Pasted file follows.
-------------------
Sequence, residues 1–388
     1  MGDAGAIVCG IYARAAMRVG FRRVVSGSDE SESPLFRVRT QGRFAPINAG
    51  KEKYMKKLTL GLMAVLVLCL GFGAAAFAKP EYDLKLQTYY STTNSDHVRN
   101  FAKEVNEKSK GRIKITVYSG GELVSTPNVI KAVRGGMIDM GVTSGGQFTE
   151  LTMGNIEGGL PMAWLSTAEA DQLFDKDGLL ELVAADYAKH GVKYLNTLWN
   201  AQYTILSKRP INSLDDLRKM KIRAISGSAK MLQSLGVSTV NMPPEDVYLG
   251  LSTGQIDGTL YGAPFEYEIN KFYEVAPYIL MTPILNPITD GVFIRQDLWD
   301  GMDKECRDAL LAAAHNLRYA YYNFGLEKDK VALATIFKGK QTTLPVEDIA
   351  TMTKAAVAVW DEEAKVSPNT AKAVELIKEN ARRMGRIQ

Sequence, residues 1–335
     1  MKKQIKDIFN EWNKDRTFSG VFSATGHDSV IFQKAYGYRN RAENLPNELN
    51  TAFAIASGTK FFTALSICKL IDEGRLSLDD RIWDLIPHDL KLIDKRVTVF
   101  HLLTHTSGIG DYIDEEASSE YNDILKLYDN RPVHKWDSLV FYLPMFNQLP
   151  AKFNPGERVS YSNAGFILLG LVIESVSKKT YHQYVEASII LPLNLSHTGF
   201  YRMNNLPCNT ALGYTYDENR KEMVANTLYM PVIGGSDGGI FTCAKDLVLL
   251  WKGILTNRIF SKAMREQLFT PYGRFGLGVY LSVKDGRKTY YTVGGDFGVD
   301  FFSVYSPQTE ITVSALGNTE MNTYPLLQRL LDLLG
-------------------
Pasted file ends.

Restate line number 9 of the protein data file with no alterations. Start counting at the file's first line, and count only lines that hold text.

   351  TMTKAAVAVW DEEAKVSPNT AKAVELIKEN ARRMGRIQ